District Daiquiri frozen cocktails Credit: Courtesy of DCity Smokehouse

Lamine N’dour and Chris Arthur sought a creative outlet to help them cope with the turmoil of 2020. Between the pandemic and protesting police killings, D.C. was electric with tension. The legalization of to-go cocktails spurred the two local entrepreneurs to experiment with selling frozen drinks, even if they first tested their future District Daiquiri brand in New York. 

Both N’dour and Arthur were familiar with the world of cocktails, having both been bartenders for years in the D.C. area. They participated in the Midnite BBQ pop-up circuit, and N’dour was one of the original co-founders of the venture. Midnite BBQ melded music, barbecue, and cocktails with the hopes of encouraging up-and-coming artists and entrepreneurs to mingle. When the pandemic halted Midnite BBQ events, N’dour, a Brown University graduate, started looking for new business ventures.

He went to Brooklyn with his girlfriend in March 2020 with the hopes of collecting his thoughts and making a new career move. Meanwhile, Arthur was still in D.C., bouncing from one idea to the next, as he too was feeling burnt out. When N’dour heard hospitality businesses could sell various alcoholic beverages to go, it hit him: People would enjoy frozen beverages, especially in the heat of summer, packaged in containers with cool branding. 

“I had actually made a successful partnership with a popular Haitian cafe in Brooklyn,” N’dour says. “Unfortunately, it was like it just didn’t get the same love and attention that we knew it could get here.” The pair believed D.C. would be a better market. 

The atmosphere in D.C. was so socially charged at the time that the demand for small businesses, especially ones that were Black-owned, became a movement all its own. “District Daiquiri is a brand that the community adopted during COVID,” Arthur says. “We have customers who love to take pics with our cups and materials. Things that have our logo on it.” N’dour adds, “We want District Daiquiri to be synonymous with a cool lounge atmosphere that houses fun adult drinks.”

Photo of Lamine N’dour and Chris Arthur courtesy of District Daiquiri

Though it didn’t have a name yet, the business made its local debut the weekend of Juneteenth in 2020 at the Moechella festival and at DCity Smokehouse. They sold $2,500 in frozen cocktails in just two hours at the event. The drinks seemed to fit right in with the vibe of the weekend.

By the time DCity Smokehouse started serving the drinks alongside their regular menu on a steady basis, District Daiquiri had a name and a growing reputation. Both businesses are Black-owned. Once the partnership proved popular and profitable, N’dour and Arthur set out to bring their pop-up to other locations.

Fans can find District Daiquiri pop-ups at three locations: DCity Smokehouse (203 Florida Ave. NW), The District Sports Bar (900 Florida Ave. NW), and Sol Mexican Grill (1251 H St. NE). Starting next week, District Daiquiri will also pop-up up at Bin 1301 (1301 U St. NW).

You can order them at DCity Smokehouse daily from 2 to 11 p.m., Sol Mexican Grill from 4 to 10 p.m. daily except on Mondays and Wednesdays, and District Sports Bar from 6 p.m. to 2 a.m. daily except for Mondays and Wednesdays. Patrons can take the drinks to go.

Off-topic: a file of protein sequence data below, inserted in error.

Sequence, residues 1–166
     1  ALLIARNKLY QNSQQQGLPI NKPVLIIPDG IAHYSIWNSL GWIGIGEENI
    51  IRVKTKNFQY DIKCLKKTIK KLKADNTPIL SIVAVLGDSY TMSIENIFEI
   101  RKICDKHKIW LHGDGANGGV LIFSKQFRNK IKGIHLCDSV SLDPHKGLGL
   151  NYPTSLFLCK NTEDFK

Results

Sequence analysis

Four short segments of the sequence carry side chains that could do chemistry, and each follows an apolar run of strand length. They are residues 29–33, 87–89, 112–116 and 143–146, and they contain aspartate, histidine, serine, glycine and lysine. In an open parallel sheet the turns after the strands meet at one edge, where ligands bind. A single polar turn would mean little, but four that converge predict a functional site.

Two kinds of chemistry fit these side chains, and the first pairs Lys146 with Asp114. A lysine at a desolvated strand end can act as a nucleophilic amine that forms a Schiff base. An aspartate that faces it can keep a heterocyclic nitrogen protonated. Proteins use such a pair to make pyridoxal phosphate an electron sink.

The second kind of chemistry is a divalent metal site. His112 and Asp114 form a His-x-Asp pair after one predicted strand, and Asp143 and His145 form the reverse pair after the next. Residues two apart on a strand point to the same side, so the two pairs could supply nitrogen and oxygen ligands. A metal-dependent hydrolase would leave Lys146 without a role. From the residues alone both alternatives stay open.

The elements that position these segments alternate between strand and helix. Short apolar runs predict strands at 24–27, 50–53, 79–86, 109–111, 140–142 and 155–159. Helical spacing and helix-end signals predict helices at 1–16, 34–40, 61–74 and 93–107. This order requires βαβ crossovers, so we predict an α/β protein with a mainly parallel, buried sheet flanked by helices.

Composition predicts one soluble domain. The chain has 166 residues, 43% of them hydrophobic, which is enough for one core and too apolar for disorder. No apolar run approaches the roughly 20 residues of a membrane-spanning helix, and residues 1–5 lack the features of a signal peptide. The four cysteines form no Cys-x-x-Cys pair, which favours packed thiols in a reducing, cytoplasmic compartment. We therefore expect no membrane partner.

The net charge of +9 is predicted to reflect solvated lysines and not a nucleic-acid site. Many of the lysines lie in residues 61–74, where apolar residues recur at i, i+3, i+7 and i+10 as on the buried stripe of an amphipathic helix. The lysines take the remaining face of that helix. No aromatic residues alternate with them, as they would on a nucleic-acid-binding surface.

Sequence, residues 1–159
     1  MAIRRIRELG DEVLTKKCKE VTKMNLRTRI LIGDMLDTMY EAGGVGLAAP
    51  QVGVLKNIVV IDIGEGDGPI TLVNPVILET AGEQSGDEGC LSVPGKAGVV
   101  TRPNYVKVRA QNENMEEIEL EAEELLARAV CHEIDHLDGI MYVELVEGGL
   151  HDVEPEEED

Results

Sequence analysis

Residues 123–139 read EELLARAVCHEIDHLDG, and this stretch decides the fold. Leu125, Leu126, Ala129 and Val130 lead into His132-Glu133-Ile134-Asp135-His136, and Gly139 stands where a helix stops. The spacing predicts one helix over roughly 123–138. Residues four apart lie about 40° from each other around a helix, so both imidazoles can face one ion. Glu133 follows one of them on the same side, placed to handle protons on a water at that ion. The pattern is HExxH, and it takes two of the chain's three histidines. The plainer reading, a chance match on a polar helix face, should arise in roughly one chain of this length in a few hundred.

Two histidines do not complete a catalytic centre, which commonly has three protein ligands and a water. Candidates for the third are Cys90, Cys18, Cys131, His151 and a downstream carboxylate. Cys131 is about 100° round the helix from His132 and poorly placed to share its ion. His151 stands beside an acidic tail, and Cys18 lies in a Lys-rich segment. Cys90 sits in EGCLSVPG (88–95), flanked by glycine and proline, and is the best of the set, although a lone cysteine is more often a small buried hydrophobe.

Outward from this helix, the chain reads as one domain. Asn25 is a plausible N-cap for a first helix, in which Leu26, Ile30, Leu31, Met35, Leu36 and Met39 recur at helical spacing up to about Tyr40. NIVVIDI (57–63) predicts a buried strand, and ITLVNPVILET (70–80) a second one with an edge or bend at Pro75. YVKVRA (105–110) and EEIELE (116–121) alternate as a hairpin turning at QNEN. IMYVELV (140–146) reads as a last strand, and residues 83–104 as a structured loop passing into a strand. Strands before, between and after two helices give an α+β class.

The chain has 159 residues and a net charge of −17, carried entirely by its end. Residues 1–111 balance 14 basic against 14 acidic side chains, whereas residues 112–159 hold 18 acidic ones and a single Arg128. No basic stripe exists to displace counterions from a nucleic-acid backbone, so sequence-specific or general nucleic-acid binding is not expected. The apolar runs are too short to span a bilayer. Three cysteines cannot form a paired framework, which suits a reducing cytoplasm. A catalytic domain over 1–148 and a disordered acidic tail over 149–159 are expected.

District Daiquiri considers Sol Mexican Grill its headquarters. It’s there that the duo has the most control over the business model and space. Customers find that the frozen drinks pair well with the restaurant’s tacos. N’dour says there are plans in the works to renovate the top floor, transforming it into a lounge.  

There are four staple flavors available and District Daiquiri sometimes introduces seasonal or holiday specials. The MelonIn features honeydew melon and rum; the Blue Hawaiian swirls piña colada and blue raspberry with rum; Uncle’s Iced Tea is half lemonade and half tea mixed with Uncle Nearest’s whiskey; and Brown Skin Honey is the brand’s take on a strawberry margarita “with a kick.” 

Each drink is named after an inspirational aspect of the “Black experience” from the beauty of Black women to influential icons and cultures. N’dour is responsible for the names, while the drinks are Arthur’s recipes. The are five sizes ranging from 16 ounces ($13) to a full gallon ($80.)

On any given day you can catch one or both of the founders at one of their locations lending the staff a helping hand, talking the customers, or quietly observing people enjoy their drinks. 

The founders are open to giving District Daiquiri a brick-and-mortar home, but aren’t sure if D.C.’s the place. “I would love to try the concept in California and Atlanta,” Arthur says. “California for the beach vibes and Atlanta because that is one the meccas of Black business right now.” N’dour adds, “The plan is to eventually expand to warmer climates. I think a brick-and-mortar would be the ideal in another state. Here the pop-up idea is better.” 

They’re already taking their business on the road. District Daiquiri will serve drinks at the Hieroglyphics’ annual festival in Oakland, California. From there, they will “chase the sun,” making a trek to Miami and possibly Atlanta, to suss out various opportunities. Locally, they’re looking forward to the H Street Festival scheduled for September 18. 

“Ultimately, we want District Daiquiri to be a brand synonymous with adult fun,” N’dour says. “Almost like Dave and Buster’s. …  When you hear the name, you know what you’re getting. That’s what we want for District Daiquiri.” Arthur adds, “Personally, I would love to partner with other DMV businesses, but I dream big so I’m interested in seeing how things could work in Atlanta, Miami, and California.”

District Daiquiri, multiple locations; districtdaiquiri.com